On the borders of Fiction. Conversation with Jacques Rancière

8 Sep, 22

This conversation took place on the 30 March 2017, Minard Ghent, on the occasion of the Courtisane Festival 2017.

How can cinema challenge us to imagine something other? This question has
been stirring Jacques Rancière ever since he was taken in by the wave of cinephilia that churned through Paris in the 1960s. From his first interview in Cahiers du Cinéma in 1976, via his own series of writings for the same magazine between 1998 and 2001, to the publication of La Fable cinématographique (2001) and Les écarts du cinéma (2011), cinema has remained an important strain throughout his work, linking his longtime research into the scenes of social emancipation with his dwellings on the shores of politics and his ventures into the realms of aesthetics.
What all these areas of research have in common is an attention to what he has called “le partage du sensible” or “the distribution of the sensible:” the ways
in which forms of practice and knowledge draw out a certain cartography of the common world, which we use to make sense of our world and how we take part in it. This cartography, according to Jacques Rancière, is articulated and established by way of fictions, meaning ways of framing and narrating the time we live in, with all its inherent possibilities and impossibilities, and how we are in tune or out of tune with that time.
During this conversation a selection of recent film works were chosen as a starting point for an exploration of the relations between cinema and fiction, and the workings of fiction in the art of cinema.

SD: Today we seem to be confronted with a certain scepticism in regards to the notion of “fiction”. There is of course the idea of “post-truth” which has become a commonplace in recent months, but also within the arts there is a growing fascination with the so-called “factual turn” or “documentary turn”. This seems to resonate with David Shields’ often quoted idea of a so- called “reality hunger” that has supposedly effected contemporary literature, favouring the testimonial and confessional and an openness to contingency and serendipity in opposition to contrived plots, characters and dialogue. The appeal to the authority of “real” experiences is thus set against the artificiality of imagined plots and scenarios. Counter to these tendencies, you have in recent years chosen to continue to explore ever deeper the spaces of modern fiction. What was for you the impetus to analyze the logics of avowed forms of fiction? How do you situate your research in relation to the so-called “reality hunger”?

JR: I think “reality hunger” for me is a dubious notion. Because it tends to equate the taste for documentary with this reality hunger, the desire for the flesh, for the “reality“ of reality shows. For me fiction doesn’t mean the invention of imaginary beings but the creation of a certain structure of rationality, a structure for presenting facts, characters and situations, for connecting events. There is fiction everywhere, even in the news that we hear every day. So fiction in general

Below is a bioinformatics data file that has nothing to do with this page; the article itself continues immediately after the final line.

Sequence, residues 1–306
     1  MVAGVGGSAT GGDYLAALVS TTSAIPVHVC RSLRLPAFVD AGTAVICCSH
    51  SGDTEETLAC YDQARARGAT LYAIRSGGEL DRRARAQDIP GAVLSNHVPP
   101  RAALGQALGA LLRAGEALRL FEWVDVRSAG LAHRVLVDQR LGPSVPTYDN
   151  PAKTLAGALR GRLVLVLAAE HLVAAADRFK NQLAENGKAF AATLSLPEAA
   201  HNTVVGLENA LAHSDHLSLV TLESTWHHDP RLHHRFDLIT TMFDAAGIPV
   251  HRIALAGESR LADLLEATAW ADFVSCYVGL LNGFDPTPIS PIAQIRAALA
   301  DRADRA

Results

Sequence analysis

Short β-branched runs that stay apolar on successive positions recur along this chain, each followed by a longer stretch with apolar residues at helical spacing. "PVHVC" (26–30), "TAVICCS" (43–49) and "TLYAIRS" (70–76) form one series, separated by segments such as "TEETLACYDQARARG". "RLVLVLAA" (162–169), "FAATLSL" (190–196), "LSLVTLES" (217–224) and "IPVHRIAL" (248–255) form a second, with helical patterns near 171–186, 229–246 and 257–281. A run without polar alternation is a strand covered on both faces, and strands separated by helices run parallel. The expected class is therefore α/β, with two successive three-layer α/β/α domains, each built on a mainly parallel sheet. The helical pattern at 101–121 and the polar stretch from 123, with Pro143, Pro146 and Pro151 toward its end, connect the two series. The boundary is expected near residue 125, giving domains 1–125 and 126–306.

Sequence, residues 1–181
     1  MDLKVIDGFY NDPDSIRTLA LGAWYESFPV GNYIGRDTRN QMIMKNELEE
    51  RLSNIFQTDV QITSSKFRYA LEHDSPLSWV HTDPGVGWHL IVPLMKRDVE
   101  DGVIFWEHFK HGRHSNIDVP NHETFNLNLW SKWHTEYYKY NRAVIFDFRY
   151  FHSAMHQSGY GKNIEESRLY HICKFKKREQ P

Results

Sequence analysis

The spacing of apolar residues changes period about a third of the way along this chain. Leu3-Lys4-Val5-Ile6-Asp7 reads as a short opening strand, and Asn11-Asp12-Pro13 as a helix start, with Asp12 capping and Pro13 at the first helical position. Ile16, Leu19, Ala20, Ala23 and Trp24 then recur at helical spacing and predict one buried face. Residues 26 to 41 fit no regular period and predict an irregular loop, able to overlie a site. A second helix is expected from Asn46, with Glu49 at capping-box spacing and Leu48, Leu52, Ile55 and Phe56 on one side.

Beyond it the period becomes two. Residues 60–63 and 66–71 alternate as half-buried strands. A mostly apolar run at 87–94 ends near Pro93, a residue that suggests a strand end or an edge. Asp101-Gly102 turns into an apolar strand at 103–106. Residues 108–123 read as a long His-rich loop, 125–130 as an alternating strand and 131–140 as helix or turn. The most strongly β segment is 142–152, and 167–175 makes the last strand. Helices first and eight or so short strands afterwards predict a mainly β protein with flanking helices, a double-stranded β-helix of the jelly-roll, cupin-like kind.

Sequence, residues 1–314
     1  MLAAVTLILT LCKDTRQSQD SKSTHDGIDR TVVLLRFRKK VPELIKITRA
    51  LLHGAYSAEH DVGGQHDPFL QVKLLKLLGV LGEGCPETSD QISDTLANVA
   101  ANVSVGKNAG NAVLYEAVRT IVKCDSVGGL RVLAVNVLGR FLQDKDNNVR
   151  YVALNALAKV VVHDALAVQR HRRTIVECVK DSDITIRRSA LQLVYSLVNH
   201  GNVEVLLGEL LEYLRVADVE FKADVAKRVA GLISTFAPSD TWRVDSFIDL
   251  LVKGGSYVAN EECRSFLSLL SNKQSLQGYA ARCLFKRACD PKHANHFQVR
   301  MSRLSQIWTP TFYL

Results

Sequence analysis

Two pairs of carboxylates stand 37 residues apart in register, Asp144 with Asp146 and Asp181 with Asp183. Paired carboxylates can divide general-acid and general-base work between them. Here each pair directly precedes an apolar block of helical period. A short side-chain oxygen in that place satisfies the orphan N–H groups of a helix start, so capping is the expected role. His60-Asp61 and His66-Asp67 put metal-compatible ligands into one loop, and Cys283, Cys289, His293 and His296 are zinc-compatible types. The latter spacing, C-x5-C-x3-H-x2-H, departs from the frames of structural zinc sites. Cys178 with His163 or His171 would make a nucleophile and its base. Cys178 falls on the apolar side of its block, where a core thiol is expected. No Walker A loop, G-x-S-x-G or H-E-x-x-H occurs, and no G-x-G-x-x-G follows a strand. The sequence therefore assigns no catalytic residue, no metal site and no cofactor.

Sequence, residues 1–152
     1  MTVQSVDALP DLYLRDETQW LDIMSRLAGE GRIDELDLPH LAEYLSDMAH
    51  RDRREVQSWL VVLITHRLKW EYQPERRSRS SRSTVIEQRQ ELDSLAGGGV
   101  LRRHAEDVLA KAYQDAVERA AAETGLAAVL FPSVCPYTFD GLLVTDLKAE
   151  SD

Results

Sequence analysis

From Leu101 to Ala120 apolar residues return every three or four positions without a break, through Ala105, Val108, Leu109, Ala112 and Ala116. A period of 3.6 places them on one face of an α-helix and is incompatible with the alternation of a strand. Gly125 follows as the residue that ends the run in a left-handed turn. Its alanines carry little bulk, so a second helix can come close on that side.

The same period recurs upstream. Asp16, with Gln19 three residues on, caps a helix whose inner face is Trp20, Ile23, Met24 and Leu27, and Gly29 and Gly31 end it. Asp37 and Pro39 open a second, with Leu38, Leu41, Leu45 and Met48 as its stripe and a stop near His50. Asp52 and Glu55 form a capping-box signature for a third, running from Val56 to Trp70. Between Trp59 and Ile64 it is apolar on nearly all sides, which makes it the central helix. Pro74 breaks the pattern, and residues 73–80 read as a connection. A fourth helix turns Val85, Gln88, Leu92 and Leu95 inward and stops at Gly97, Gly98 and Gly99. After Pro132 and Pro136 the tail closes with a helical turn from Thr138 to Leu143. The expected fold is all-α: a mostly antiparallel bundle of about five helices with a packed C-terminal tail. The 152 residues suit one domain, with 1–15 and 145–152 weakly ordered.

is what creates a sense of reality. For me the idea that people don’t want fiction because they want reality has something strange about it. In the book of David Shields (Reality Hunger: A Manifesto, 2010) there are basically two arguments, which are not really consistently related to one another. The first argument is about artifice, saying that since people now live in a universe of techniques and screens, they want reality as a compensation. That’s a rather weak argument. The second argument is quite different. It deals with the distinction between invention and imagination. The idea that documentary is on the side of imagination and fiction is on the side of invention – meaning that one has to invent characters, situations and so on. That is indeed not what documentary does, but what is important in documentary is that it is a kind of fiction in which you don’t have to make as if it were real. This shift is important: the point is not to create credible characters, situations and connections between events, because in a way they are real, so you don’t have to prove that they are possible. Which means that in the “documentary turn” there is no obession with the flesh, or with the real. The question is not “Is it real?” but “What kind of reality is at play here?” Not “Is it real?”, but “How is it real? What does this kind of reality mean?” If you think of some authors who work between literature and cinema, like W.G. Sebald or Alexander Kluge, you could say they are part of some kind of documentary turn, but dealing with this question: “How is it real?” If you think of those photographs in Sebald’s book, they are supposed to document what is said but at the same time they have no real relation, no authentic relation, so the question is precisely “What is the kind of affect produced by a photograph?” And it is something that is more complex, more subtle, than the “flesh of reality”, or “reality hunger”.